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Adria Shipp Dunbar on the Role of Technology in Counselor Education

New wolf statue on central campus.
Adria Shipp Dunbar
Adria Shipp Dunbar

Thanks to donors, the NC State College of Education has established a Dean’s Innovation Fund to support faculty innovations. This year, three faculty members have received funding to support some of their projects:

  • Dennis Davis, an associate professor literacy education, is establishing an off-campus Literacy Space.
  • Margaret Blanchard, associate professor of science education, is writing a book on increasing accessibility and impact of STEM Career Club activities/materials.
  • Adria Shipp Dunbar, an assistant professor of counselor education, is expanding Apprentice software for use in professional training beyond counselor education. 

We’ll talk to each of the faculty members in the coming months. In this Q&A, Dunbar talks about the role of technology in counselor education.

How did you get interested in counselor education, and why did you choose the field?

I think the inspiration for becoming a counselor educator started in my master’s program. I had an amazing professor, Dr. Mary Deck. She was so centered and grounded, but passionate and wise. I wanted to see all those traits in myself and to be to students what she was to me.

Counselor Education allows me to combine my passions for teaching, counseling, and research. It’s an amazing privilege to be in the position to train future school, clinical mental health, and college counselors.

Your research focuses on understanding technology’s role in counseling and counselor education. What drew you to this research?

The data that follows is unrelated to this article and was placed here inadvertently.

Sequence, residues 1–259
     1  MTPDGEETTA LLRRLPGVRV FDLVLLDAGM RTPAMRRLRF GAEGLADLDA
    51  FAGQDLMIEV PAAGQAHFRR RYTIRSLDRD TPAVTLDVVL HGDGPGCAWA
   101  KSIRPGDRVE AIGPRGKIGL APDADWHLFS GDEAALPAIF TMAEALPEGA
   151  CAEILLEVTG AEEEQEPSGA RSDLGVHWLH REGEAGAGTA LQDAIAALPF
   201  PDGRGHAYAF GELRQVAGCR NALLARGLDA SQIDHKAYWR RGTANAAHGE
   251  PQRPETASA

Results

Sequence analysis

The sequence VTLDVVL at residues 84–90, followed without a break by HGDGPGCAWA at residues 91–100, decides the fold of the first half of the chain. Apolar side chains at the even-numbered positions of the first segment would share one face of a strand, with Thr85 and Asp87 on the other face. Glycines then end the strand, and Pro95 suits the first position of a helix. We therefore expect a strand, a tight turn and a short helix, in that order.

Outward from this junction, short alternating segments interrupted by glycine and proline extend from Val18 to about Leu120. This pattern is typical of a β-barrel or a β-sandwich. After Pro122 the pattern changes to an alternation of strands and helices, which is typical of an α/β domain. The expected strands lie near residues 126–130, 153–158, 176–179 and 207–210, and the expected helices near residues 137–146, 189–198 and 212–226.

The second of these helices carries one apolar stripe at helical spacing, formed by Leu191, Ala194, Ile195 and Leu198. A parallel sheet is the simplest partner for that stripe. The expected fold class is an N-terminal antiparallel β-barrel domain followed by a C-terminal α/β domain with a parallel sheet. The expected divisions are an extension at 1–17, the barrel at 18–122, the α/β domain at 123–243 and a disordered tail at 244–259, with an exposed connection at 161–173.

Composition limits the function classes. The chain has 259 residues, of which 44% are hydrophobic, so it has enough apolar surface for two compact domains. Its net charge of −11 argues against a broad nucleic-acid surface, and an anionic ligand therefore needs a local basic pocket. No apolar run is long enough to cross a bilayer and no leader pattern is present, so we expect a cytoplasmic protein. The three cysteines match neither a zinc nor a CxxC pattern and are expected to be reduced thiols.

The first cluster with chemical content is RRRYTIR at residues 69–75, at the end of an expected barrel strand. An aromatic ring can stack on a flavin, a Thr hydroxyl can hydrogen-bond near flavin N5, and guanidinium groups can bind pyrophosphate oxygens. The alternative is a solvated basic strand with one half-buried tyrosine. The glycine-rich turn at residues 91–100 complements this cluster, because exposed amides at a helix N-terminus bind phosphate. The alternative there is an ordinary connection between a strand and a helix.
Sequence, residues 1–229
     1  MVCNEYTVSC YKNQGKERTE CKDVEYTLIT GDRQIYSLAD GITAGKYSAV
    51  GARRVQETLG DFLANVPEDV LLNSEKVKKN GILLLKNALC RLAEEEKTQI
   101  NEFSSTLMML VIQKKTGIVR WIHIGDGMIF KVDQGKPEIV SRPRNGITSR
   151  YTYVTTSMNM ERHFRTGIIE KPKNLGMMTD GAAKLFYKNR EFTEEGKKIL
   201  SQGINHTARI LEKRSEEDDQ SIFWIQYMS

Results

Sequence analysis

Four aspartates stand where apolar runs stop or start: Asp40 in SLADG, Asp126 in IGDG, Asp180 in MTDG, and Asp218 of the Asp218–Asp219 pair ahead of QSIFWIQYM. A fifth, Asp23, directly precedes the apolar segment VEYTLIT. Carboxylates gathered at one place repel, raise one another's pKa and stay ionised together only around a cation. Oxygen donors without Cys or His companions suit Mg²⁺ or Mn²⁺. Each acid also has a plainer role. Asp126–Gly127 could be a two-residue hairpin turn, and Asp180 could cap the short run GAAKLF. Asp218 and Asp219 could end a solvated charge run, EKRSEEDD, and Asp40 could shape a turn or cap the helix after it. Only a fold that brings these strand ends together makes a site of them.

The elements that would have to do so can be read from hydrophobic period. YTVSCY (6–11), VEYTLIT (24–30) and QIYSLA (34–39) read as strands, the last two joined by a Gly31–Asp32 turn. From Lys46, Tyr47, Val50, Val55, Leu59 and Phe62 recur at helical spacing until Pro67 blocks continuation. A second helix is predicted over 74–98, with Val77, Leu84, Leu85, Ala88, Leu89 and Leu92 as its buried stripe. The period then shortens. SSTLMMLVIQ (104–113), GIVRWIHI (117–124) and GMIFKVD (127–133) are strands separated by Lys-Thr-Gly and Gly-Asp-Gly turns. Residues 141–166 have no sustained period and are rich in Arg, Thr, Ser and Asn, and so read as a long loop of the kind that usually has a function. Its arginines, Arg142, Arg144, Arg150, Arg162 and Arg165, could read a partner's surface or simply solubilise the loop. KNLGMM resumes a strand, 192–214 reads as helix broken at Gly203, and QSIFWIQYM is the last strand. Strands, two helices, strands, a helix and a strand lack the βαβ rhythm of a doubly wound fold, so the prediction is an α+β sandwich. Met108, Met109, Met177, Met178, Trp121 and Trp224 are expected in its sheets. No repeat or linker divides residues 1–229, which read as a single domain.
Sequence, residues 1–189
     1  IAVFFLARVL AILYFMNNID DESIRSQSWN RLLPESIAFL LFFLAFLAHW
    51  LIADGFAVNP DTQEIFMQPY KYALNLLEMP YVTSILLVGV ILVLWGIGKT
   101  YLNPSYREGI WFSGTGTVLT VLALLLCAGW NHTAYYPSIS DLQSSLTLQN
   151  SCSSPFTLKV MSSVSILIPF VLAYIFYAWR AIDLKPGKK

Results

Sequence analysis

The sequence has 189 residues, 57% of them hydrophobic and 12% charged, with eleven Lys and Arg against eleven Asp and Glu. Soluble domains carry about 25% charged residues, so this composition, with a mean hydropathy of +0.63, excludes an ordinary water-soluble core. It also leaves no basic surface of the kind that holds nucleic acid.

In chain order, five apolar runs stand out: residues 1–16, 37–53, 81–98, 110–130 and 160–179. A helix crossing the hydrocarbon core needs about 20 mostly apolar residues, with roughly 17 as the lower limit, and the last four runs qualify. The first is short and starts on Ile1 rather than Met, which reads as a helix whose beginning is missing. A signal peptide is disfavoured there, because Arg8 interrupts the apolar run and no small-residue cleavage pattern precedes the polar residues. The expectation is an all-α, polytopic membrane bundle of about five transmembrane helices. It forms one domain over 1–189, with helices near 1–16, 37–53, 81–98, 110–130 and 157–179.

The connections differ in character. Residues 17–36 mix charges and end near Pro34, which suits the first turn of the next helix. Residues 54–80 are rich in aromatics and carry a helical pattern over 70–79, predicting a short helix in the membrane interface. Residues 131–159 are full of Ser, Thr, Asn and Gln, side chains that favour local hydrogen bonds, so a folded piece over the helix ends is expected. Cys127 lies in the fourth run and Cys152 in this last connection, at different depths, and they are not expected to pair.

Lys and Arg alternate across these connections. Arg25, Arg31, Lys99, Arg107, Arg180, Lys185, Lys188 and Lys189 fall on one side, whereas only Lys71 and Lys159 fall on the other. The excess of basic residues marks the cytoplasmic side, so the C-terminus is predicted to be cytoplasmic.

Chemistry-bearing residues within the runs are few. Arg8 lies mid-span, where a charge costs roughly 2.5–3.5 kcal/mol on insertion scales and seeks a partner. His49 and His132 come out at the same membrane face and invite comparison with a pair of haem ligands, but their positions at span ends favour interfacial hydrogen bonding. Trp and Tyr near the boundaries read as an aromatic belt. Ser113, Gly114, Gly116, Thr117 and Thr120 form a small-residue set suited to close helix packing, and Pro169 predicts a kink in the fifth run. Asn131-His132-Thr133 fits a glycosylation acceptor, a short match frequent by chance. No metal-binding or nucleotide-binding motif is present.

I actually have a photo of me at my preschool when I was 4 years old, in front of a new computer they had brought into our preschool. I think those early experiences made a big impact in my life. Throughout my career, I’ve seen the advantages of utilizing technology to free me from focusing on logistics and focusing on what really matters, things like student learning, my own research, and advocating for the counseling profession.

As of four years ago, I began the adventure of developing software. A long-time friend and colleague and I were tired of piecing together many different software programs in order to supervise students in their field experiences. When we couldn’t find anything on the market that met our needs as counselor educators, we created Apprentice, a mobile solution for supervising practicum and internship students. It’s a HIPAA and FERPA secure app that lets students log their hours at their sites, track individual goals during their internships, and record sessions from their own devices. We are hoping to eventually expand our users beyond counselor education to any program that has students in field experiences.

What is the role of technology in counseling and counselor education?

That’s such a tough question to answer because technology can show up in so many ways for counselors and counselor educators. For example, when I was a school counselor, some common themes were communication with parents, knowledge sharing with other counselors, managing student data, cyberbullying, online social media, or even just digital literacy.

As a private practice counselor, I worked with a lot of clients who brought their use of technology into our sessions. For example, a mom who was using a mobile app to communicate with her ex-husband about decisions related to their children or a young man for whom an online career counseling assessment helped him set professional goals. As a counselor educator, I use a lot of productivity software. Some of my favorites include Basecamp for project management, Academic Ladder for online writing groups, Yet Another Mail Merge for admissions, Boomerang for Gmail, and, of course, Apprentice for Counseling Supervision. That’s the software I created with a colleague to improve students’ practicum and internship experiences.